Will you give me Klout? I gave you some. Return the favor.
Because of integrity.
In order to be trustworthy and have integrity, one cannot simply hand out all the goods to anyone who asks. How is that trustworthy? I will give good reviews, recommendations or testimonials when I really support, love and/or believe in something, otherwise my word means nothing.
For example: If I gave a glowing review for every book that came my way just because someone asked, when you read them and saw that they were crap, pretty soon your trust in me telling you certain books were awesome would dwindle and then die. I have to believe in something and support something first in order to share it with you. If I sat on the Klout.com site (which I don’t) and scrolled through my Twitter and Facebook friends and gave Klout to every single one of them for the most random things from Social Media to Diapers (yes, there’s Klout for diapers) then not only did I use a lot of my day that could be spent on writing another book, but I depleted my own trust value.
Chris Brogan said Please Don’t Retweet to people asking him to RT things (retweet on Twitter). His well said point was: Again, unless it’s a cause, and then ask shamelessly and often for retweets or mentions, but otherwise? Let your work live or die on its own creative merits. It just doesn’t make sense to bother people to ask them to falsely spread information that wasn’t interesting to get there on its own.
But Klout has become a huge popularity contest (there are even Klout parties!) and many people, instead of focusing on their actual content and merit, are focusing on any way possible to get you to give them Klout so they can drive up their score – simply to have a high score.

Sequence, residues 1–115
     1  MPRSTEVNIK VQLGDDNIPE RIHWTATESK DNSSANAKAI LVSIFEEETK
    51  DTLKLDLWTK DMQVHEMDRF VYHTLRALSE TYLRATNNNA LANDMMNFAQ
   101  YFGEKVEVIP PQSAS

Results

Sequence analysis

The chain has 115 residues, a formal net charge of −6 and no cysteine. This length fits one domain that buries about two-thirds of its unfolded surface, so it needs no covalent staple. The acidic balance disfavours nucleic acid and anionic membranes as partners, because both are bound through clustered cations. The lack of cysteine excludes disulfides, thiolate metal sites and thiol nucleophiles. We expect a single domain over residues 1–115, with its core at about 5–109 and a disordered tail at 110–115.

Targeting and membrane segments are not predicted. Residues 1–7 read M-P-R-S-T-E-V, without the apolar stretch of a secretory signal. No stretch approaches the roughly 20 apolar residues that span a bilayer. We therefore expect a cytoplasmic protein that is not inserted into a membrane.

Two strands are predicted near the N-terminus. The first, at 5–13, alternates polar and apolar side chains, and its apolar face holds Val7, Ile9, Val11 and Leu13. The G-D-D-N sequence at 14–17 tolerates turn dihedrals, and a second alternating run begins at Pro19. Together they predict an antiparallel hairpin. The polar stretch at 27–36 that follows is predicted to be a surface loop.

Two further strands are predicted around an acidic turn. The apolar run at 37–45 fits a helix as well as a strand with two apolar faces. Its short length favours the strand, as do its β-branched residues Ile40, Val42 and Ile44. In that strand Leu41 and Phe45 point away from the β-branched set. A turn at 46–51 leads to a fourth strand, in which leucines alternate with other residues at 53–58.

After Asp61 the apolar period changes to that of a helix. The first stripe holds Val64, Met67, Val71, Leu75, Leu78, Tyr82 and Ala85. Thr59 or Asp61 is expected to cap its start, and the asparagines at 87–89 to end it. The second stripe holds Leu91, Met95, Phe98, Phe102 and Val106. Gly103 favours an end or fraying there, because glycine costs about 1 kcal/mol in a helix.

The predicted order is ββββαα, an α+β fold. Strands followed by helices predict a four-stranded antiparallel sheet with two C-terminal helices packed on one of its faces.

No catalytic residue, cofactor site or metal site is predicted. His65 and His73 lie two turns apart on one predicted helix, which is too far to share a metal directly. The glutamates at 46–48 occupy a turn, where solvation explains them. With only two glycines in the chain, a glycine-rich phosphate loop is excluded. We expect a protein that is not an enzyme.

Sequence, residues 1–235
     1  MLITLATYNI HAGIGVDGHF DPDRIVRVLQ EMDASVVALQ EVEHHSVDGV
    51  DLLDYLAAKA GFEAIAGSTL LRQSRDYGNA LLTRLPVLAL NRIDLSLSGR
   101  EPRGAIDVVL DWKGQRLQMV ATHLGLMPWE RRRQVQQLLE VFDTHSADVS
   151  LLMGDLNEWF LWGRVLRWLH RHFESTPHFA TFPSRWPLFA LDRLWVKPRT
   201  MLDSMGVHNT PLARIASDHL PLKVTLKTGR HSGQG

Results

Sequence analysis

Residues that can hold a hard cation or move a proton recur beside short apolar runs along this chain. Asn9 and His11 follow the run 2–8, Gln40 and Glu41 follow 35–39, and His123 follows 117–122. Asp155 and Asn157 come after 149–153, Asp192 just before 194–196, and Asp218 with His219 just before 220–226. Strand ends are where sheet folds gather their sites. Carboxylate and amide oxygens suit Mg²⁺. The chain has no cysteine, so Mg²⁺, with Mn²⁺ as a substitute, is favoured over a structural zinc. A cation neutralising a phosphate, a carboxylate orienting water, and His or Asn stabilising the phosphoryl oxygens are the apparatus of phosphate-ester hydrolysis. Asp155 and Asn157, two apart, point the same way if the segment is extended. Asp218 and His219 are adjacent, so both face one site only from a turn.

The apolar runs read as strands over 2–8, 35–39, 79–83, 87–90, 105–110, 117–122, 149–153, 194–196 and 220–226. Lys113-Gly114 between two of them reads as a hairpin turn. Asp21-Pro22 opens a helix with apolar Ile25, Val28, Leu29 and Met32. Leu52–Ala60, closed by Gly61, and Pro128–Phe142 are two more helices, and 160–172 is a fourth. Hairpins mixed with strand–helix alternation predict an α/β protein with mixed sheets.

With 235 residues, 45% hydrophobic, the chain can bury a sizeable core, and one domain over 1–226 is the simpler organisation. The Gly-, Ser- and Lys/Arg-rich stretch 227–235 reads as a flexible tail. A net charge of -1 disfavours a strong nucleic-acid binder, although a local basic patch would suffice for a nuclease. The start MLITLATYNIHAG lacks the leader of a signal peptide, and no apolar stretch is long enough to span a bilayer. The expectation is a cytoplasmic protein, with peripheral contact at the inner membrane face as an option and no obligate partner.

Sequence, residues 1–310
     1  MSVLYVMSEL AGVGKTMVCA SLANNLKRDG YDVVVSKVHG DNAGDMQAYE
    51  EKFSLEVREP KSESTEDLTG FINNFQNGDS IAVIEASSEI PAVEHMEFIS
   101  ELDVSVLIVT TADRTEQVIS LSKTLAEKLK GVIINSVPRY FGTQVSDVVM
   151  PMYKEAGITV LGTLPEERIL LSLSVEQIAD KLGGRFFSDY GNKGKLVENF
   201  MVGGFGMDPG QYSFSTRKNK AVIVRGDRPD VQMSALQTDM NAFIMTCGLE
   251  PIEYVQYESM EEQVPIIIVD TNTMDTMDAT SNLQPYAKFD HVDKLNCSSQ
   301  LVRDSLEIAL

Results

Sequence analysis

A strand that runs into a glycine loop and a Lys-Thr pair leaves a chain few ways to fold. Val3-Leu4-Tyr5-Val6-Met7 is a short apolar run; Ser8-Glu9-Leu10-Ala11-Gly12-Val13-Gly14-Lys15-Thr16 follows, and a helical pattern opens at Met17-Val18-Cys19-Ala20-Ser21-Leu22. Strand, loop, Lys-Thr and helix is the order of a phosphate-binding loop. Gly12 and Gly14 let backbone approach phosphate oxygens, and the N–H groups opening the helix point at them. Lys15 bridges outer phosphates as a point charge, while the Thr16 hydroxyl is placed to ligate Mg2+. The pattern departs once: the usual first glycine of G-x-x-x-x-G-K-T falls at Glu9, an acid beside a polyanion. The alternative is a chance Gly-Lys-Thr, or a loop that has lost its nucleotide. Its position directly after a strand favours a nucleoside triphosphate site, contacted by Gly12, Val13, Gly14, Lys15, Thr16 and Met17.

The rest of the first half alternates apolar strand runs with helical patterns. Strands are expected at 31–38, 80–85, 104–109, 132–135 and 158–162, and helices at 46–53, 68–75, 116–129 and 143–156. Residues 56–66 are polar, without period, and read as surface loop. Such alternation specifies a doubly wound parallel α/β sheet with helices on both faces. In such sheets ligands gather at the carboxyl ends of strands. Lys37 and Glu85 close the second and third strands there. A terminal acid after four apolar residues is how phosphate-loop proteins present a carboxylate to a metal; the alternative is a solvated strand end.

Btw, my Klout jumped up tremendously (into the 70’s) when I was sofa bound with a broken leg and tweeting all day long high on pain meds. Does that tell you anything? That’s interacting all day long – every day. Once I was walking again, I got back to work and did not Tweet or FB as much and down went my Klout. Some people let that score really bother them just like they let the fact that there are kids more popular than them ruin their day. (Read this Never Compare Yourself to Anyone – Ever!)
Every one of us has Klout based on how you are connecting, interacting and driving action on all of the Social Media sites. Unfortunately, these popularity scores really don’t mean all that much since there are some people who spend their entire day giving out Klout (you can do that on Klout.com) and asking for it back just like asking Chris Brogan for a Retweet. That means there are a lot of false scores out there that pertain to nothing.
Forget the score, and focus on what you’re doing and how you’re connecting and the score will speak for itself. Again, I noticed that mine was the highest when I was high on pain meds with a broken leg! Do I want to be there again? No!
So, why are you so obsessed with your Klout score? Is it a need to have a perceived sense that you are popular or powerful? Why not focus on what you’re doing in the world instead?
What website are you running? What book are you writing? What cause are you promoting? What are you doing in the world?
I’m writing another book, editing my mom’s book and working on a screenplay.
So I probably won’t be scrolling through the many profiles to give Klout to anyone who asks. Instead, I will connect with you for real and tweet you back and have a conversation with you on Twitter or Facebook or Google +.
I will also answer you when you respond to my Blog posts that come to your inbox.